Twitter now doesn’t want to show you what is new in its search results but instead wants to show who tweeted in the best way. Now the social media platform has moved further away in search from reverse chronological order toward relevance order. You will now be shown relevance-ordered tweets across the platform, first on the results page whenever you look for something using the search bar, notes Mashable.
Search results by relevance instead of time
According to a Twitter spokesperson, the change was made in September, but it was announced publicly on Monday. The “latest” filter is still there if you want to see the most recent live tweets. Also the photos, videos and news filters are there as well.
Earlier this year, the changes in Twitter’s timeline algorithm caused the internet to briefly lose its mind, but changes to search are unlikely to cause even a stir. But both changes show the social networking site’s obsession with the hard concept of “relevance,” says Mashable.
Twitter’s opt-in timeline changes, which were announced in February, focused primarily on what it assessed to be “the best tweets” in the user’s timeline instead of simply showing users the most recent tweets from the people they follow. It looks like the same type of programming that the micro-blogging site uses on its main timeline is going to implemented with the search results as well. However, it will come with some variation because it has to parse more data, as it is pulling Twitter’s entire database and not just the people the users follow, notes VentureBeat.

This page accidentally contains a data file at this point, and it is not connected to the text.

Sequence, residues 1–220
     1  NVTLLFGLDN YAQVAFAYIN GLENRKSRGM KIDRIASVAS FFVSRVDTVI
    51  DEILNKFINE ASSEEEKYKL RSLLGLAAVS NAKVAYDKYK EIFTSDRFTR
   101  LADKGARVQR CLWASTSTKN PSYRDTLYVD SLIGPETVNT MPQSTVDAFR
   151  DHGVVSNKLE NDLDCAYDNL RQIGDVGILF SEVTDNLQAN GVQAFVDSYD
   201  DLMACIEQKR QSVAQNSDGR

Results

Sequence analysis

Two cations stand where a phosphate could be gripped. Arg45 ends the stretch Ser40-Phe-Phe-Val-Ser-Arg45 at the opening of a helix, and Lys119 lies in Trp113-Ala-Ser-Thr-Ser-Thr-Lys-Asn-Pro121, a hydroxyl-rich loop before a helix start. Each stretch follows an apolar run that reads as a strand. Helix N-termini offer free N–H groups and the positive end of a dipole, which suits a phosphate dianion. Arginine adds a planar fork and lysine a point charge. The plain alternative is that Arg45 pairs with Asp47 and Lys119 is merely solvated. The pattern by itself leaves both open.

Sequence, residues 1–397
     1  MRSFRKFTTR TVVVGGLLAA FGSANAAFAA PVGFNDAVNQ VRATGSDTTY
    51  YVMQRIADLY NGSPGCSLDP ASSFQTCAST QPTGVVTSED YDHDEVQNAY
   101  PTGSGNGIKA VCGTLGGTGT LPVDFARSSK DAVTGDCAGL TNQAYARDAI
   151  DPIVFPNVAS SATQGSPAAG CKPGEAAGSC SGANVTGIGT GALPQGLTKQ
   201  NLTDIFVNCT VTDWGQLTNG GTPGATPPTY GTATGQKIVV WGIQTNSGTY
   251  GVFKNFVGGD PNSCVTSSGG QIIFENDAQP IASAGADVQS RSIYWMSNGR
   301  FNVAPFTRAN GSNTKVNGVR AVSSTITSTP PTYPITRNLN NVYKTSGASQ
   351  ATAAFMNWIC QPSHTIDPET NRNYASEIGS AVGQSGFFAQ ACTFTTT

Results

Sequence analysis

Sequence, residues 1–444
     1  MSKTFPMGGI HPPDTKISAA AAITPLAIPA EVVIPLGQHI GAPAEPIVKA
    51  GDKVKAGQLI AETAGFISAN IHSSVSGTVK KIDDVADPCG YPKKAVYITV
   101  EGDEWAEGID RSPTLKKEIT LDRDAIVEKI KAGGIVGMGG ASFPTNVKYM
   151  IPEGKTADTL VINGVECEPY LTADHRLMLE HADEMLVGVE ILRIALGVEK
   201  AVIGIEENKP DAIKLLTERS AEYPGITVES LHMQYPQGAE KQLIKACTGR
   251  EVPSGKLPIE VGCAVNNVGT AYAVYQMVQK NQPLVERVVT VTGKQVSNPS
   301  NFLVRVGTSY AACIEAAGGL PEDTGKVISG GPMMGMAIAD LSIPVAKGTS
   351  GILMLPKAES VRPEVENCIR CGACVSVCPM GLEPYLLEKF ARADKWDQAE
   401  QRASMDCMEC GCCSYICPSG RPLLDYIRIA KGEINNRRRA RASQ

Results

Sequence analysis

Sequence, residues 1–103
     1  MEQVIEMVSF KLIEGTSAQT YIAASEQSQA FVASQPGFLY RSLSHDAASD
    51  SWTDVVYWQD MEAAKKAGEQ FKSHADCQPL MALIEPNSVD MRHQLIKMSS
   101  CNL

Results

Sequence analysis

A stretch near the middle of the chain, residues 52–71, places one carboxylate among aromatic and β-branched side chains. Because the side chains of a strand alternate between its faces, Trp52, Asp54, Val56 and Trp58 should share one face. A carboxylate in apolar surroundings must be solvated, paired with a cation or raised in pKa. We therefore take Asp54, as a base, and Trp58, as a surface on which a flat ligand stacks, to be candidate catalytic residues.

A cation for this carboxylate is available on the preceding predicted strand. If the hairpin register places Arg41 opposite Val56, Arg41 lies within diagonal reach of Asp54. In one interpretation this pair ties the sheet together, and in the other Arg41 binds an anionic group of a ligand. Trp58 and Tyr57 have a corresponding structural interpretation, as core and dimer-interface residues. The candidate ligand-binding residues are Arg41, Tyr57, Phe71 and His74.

Relevancy not simple on Twitter
Twitter claims that based on early trials, there has been more engagement with tweets and search results with more time spent using its network. The most recent tweets in search do not necessarily contain the most useful information, but relevancy is complex.
In a blog post, Lisa Huang, a senior software engineer on Twitter’s search quality team, explained how hard it is to prioritize so-called “relevant” tweets in the search results. The team is using machine learning to assist in deciding how tweets will be ordered.
“A person’s behavior on Twitter provides an invaluable source of relevance information,” Huang stated. “Using this information, we can train machine learning models that predict how likely a Tweet is to be engaged with (Retweets, likes and replies). We can then use these models as scoring functions for ranking by treating the probability of engagement as a surrogate for the relevance of Tweets,” she said.
Huang also wrote that users could be searching for popular tweets to better understand the context around the search query.